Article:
For most of us, going online is such an everyday activity that we barely even notice it. Online and offline worlds are fused such that it’s impossible to tell where one ends and the other begins. While it’s easy to assume that such connectivity is universal, this is far from the case. 86% of British adults have access to the internet [Q2 Tech Tracker Data 2014] but this leaves a significant minority who do not.
Furthermore, there are many that have access but are reluctant to go online. As we suggested in our report The Forgotten Digital Generation, fostering the capability and confidence of less digitally literate consumers could give brands that do so an invaluable competitive edge.
One year on, a brand making a bold move in this direction is Barclays, with their recently launched ‘Digital Eagles’ campaign. For those unfamiliar with the species: ‘Digital Eagles are Barclays employees who have a passion for the internet – and they’re happy to share their expertise with anyone who needs it, free of charge.’
The Eagles are based in-branch, and Barclays has done well to base the initiative around a face-to-face approach. Many who lack online skills find technology overwhelming and prefer to learn in person, from a patient teacher who will ‘show and tell’ (and not judge). This personal touch is emphasised by a marketing campaign that puts the focus firmly on the human face of technology: emotive stories featuring elderly people that illustrate the value of being connected online. While the campaign is compelling, perhaps a slight misstep is the focus on the elderly: through our research, we know that the less digitally literate are in fact surprisingly diverse. It seems a shame that a move towards inclusiveness should fall short of the mark in this respect.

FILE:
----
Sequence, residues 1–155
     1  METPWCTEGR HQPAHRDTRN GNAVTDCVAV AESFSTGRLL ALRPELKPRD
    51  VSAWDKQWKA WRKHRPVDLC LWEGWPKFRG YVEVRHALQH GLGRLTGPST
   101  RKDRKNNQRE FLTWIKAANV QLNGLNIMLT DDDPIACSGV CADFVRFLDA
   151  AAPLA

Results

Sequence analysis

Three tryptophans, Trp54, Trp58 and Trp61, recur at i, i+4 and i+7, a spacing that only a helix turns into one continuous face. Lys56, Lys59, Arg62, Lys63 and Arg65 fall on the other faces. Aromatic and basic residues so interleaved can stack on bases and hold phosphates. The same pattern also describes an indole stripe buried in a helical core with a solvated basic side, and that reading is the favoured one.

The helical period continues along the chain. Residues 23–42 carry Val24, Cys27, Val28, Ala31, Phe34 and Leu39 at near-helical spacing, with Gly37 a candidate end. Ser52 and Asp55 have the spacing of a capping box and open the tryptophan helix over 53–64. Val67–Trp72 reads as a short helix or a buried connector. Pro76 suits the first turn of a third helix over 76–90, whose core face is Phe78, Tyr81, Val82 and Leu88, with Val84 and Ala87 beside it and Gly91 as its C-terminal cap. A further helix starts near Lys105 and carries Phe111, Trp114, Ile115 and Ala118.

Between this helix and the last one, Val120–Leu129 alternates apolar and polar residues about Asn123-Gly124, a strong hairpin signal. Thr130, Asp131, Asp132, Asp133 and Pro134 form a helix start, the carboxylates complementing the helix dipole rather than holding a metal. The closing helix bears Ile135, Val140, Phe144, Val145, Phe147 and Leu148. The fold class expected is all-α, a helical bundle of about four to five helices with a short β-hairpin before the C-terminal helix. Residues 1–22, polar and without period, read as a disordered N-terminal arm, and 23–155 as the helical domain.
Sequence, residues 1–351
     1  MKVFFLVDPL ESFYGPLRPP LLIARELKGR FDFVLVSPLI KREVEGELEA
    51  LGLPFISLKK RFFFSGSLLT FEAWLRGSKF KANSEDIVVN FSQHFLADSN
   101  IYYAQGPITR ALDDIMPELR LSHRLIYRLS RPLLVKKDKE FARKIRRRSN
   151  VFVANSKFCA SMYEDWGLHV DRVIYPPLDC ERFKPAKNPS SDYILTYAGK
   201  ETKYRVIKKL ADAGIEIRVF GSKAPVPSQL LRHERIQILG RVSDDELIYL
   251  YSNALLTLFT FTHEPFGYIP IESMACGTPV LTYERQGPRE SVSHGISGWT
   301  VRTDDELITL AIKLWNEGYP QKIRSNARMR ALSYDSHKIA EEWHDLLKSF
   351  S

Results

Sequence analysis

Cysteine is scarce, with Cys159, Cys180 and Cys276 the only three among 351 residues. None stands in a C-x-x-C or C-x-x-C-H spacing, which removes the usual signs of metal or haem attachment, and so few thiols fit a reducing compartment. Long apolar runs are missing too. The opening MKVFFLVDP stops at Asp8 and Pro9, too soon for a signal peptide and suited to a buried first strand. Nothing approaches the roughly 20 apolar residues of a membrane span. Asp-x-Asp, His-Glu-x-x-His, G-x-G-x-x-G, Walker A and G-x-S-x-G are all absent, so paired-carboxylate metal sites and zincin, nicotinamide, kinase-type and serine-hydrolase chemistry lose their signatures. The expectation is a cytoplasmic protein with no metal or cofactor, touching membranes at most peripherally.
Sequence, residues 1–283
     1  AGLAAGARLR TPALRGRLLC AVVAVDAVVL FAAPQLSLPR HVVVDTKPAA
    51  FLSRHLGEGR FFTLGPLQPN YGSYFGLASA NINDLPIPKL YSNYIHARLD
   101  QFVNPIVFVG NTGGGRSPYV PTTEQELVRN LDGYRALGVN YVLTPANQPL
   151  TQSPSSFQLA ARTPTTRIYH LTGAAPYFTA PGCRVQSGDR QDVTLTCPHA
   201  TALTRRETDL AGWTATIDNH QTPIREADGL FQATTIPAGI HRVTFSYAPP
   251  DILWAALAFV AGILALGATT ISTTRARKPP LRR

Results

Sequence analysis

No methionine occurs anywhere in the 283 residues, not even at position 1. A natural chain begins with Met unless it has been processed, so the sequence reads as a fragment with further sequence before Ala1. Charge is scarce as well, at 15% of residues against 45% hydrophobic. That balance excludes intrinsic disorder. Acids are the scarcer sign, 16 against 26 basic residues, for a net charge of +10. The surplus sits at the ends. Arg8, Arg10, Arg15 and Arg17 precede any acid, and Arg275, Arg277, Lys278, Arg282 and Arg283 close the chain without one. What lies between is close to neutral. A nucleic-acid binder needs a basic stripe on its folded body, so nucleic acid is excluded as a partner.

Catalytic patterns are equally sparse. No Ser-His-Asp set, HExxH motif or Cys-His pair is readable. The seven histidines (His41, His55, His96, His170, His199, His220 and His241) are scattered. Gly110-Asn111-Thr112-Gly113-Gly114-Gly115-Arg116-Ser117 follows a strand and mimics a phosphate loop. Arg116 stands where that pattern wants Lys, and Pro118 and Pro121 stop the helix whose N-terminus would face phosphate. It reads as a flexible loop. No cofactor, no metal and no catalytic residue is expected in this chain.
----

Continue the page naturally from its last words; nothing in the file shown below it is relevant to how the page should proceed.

The real strength of the Barclays initiative, however, may lie in its apparent generosity of spirit. Not only is it not restricted to customers of the bank, it is not even restricted to banking. Your local Eagle could ostensibly help you with any of your online woes, from sending emails to shopping (how willing they’d be to help you unlock the next level on Candy Crush remains to be seen). This generosity even extends to community outreach, with free ‘tea and teach’ sessions across the UK. Keeping the focus on empowerment and off banking, of course, means the initiative is less likely to be seen as a cynical attempt to get customers online and out of branches. Those lacking skills in this area often have a fear of being forced online, which Barclays is keen to dispel:
“We want customers to do it because they want to do it. We want to give them the choice.”
Naturally, it’s not an entirely selfless act. A consultation with an Eagle is a great opportunity to promote Barclays’ digital services, as well as reassure the new and nervous about any trust and security fears they may have. An uptake in use of online services equals streamlining and subsequent savings, so it’s a canny investment.
If interpreted by consumers as the helping hand it purports to be, the campaign looks set to be a win-win for Barclays. With trust in the UK banking sector still at a low, this is a timely and credible show of generosity that lends palpable strength to the brand. Other brands in other sectors will inevitably see the benefit of this spirit of co-operation. How quick they will be to act and how effectively they will engage the digitally disengaged will be interesting to see.
Jay Jennings is a research manager at Ipsos MediaCT